With the election of Donald Trump, illegal immigrants are preparing to ask President Obama for pardons because they fear that they will be deported. Obama’s Deferred Action for Childhood Arrivals program grants young adult illegal aliens a two-year stay of deportation and issues them work permits, entitling them to driver’s licenses and some taxpayer benefits. A pardon from Obama may prevent them from being deported and erase records of the illegal ways they entered the country, but a pardon cannot give them citizenship or legal status. Advocates say their goal is to stop deportations at least to give Congress and Trump the chance to tackle a broader immigration bill that could include legal status.
When looking at ethics, this is a tricky situation. The article says that “millions of law abiding undocumented immigrants are fearful of what will happen…” and I believe they should be. The term “law abiding undocumented immigrant” is an oxymoron. When you are an illegal alien you aren’t abiding by the law and as such, I don’t believe they have the right to demand a pardon. In social contract theory, one of the obligations we have is to follow the law. Governments are created to enforce norms and laws and when one is broken there must be consequences. For people who came into the country illegally, that consequence is deportation.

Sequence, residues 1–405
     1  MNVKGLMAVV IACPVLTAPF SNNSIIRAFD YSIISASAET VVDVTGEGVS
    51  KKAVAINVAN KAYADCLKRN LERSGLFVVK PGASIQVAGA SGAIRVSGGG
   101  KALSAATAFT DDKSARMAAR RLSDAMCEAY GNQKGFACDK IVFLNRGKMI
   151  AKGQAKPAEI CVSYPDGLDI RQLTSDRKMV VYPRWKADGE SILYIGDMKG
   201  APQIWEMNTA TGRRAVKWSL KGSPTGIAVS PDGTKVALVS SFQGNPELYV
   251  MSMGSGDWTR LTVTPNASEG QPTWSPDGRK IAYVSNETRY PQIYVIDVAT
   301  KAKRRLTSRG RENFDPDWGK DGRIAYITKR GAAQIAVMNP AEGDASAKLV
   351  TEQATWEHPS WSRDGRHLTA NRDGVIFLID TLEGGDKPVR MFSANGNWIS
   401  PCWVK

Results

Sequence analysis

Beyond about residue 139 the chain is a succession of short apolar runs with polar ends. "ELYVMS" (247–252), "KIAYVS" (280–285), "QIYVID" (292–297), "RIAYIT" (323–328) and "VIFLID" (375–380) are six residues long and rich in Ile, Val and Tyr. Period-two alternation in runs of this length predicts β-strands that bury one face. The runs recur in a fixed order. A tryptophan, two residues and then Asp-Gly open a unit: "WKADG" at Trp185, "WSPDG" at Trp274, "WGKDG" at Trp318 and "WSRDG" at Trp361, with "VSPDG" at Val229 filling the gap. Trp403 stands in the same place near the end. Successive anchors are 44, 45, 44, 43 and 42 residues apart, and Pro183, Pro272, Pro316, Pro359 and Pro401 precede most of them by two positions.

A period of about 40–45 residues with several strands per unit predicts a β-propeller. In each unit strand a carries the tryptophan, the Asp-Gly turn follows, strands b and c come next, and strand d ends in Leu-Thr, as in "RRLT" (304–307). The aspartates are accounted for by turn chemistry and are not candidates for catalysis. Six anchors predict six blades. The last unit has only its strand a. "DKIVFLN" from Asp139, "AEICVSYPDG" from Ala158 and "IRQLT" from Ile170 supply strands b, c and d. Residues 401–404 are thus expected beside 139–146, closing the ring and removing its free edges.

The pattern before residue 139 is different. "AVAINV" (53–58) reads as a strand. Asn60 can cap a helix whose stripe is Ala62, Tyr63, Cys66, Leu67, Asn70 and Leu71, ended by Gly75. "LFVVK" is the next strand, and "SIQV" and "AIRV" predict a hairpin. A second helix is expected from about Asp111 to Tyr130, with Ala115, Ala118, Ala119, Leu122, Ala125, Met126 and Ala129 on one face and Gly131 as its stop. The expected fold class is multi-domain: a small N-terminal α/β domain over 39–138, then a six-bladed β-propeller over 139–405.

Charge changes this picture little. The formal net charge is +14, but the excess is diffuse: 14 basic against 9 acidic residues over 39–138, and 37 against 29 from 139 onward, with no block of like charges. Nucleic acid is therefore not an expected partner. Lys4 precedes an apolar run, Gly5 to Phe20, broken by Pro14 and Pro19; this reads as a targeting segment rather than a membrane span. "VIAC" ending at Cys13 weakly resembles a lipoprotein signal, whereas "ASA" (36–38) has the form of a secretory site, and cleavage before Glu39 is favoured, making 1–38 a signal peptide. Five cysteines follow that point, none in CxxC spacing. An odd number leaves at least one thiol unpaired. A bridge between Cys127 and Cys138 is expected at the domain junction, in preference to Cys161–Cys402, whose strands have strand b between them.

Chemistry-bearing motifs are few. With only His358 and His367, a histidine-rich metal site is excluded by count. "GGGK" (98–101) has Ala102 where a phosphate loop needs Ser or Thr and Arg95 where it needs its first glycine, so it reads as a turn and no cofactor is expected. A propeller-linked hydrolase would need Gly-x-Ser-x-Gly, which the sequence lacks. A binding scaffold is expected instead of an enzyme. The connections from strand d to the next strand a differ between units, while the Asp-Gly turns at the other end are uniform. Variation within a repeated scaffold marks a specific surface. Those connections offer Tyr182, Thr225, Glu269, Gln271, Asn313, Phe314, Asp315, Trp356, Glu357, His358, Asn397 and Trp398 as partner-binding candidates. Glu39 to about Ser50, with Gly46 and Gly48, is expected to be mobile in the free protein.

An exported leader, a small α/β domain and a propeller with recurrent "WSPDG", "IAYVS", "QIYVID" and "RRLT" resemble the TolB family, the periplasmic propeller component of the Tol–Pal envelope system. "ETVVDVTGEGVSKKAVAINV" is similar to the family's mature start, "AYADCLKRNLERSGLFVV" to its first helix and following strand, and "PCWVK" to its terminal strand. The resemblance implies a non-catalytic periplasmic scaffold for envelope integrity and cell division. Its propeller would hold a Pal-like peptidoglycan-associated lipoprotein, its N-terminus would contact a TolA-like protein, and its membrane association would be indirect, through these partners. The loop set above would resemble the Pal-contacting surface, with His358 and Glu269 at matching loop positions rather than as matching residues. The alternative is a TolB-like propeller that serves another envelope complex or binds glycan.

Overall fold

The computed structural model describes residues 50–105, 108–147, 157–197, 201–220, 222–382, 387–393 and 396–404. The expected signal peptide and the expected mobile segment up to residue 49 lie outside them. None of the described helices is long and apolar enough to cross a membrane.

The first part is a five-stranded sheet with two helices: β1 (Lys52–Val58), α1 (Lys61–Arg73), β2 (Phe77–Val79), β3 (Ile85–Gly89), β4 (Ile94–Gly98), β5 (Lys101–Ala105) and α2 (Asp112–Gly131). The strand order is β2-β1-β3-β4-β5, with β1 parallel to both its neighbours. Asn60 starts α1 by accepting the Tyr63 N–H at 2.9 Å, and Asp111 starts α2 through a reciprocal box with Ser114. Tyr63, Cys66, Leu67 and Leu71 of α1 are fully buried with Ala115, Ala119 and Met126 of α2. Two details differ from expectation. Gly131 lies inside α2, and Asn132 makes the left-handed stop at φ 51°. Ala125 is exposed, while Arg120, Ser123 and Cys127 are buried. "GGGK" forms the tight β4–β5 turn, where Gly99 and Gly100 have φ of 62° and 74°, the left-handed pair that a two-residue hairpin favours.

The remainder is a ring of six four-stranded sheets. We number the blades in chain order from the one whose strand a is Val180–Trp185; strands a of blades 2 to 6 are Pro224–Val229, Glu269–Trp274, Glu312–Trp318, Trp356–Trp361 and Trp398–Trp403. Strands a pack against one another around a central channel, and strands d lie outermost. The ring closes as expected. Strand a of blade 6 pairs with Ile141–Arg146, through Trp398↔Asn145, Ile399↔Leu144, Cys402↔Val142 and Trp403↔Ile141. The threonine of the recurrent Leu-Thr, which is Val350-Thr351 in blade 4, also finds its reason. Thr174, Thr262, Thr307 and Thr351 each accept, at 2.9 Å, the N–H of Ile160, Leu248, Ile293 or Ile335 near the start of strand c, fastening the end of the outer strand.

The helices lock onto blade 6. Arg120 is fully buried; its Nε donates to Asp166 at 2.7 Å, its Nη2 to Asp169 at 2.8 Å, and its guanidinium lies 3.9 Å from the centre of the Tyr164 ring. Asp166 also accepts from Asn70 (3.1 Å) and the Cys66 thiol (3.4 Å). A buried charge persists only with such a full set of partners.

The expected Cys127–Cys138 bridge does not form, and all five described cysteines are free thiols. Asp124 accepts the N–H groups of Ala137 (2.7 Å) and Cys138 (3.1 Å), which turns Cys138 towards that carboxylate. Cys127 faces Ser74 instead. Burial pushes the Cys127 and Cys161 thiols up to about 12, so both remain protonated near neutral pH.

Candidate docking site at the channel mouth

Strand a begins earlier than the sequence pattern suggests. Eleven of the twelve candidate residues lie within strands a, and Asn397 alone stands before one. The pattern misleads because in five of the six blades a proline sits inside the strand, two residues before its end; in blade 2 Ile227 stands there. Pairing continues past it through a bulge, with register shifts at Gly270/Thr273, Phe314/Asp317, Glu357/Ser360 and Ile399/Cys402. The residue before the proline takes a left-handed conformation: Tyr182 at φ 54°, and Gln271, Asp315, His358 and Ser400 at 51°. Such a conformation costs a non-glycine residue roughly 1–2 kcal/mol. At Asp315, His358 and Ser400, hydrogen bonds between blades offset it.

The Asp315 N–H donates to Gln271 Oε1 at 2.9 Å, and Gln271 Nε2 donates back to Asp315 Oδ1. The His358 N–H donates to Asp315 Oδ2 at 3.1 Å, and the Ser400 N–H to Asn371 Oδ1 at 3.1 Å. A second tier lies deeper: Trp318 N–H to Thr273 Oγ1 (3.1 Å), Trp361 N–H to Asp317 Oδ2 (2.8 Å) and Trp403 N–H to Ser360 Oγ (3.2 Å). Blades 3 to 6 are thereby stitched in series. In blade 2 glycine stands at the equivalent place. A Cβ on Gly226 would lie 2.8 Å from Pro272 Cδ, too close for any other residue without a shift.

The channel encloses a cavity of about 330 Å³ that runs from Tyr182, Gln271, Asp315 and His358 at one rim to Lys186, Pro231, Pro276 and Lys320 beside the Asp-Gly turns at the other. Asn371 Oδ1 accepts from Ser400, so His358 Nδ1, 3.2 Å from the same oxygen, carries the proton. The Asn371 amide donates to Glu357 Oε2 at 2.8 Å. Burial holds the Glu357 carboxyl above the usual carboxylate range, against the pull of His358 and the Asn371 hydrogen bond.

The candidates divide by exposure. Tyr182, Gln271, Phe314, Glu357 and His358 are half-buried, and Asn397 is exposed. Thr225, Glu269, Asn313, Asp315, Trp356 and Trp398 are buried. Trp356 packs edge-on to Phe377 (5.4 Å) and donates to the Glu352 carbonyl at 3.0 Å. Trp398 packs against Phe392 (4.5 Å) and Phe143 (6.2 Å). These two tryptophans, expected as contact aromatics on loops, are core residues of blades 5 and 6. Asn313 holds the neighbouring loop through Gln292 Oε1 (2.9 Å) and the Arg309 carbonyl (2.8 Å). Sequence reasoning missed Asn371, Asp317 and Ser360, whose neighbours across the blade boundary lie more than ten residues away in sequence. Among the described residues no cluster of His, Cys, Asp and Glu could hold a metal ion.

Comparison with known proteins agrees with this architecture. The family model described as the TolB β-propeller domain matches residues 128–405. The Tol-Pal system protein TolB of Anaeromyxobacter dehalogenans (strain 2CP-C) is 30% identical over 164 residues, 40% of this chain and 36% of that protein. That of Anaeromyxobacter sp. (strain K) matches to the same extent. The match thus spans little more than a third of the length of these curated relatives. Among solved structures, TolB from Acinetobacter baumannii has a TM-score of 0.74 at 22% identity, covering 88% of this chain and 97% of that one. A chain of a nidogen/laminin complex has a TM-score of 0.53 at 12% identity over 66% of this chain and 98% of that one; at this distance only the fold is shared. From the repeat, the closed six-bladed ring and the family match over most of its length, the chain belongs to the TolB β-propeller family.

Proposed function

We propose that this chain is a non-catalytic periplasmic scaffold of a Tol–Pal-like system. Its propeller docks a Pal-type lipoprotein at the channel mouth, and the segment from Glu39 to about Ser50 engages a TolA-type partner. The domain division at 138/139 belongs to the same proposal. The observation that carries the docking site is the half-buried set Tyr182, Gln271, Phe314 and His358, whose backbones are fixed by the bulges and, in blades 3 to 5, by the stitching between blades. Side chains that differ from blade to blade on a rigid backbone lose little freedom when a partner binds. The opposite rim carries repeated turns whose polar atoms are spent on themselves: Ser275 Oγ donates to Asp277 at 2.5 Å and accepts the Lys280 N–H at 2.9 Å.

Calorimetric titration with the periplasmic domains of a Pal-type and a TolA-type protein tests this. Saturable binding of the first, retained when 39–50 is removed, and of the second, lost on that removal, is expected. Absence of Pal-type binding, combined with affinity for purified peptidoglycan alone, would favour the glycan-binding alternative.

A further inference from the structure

With Trump wanting to deport so many illegal immigrants people may think he is practicing malicious obedience. They assume he is acting on racist feelings he has toward them and he intends to hurt the immigrants by deporting them. People who believe this need to look at the situation though. They may be acting as “law abiding citizens” here but they are still criminals. The number of people who enter this country illegally is getting out of hand and something needs to be done. The rule has been considered and its meaning has been evaluated. With illegal immigration getting so out of hand, people need to see that there are consequences to illegal behavior and deportation is necessary for that.
Being afraid of deportation is definitely a right that these immigrants have, but demanding a pardon from the president of a country they are not even living in legal is ridiculous. It makes sense that if you enter a country illegally, you will not benefit from the same things others that entered legally would, or even people who are citizen of the country.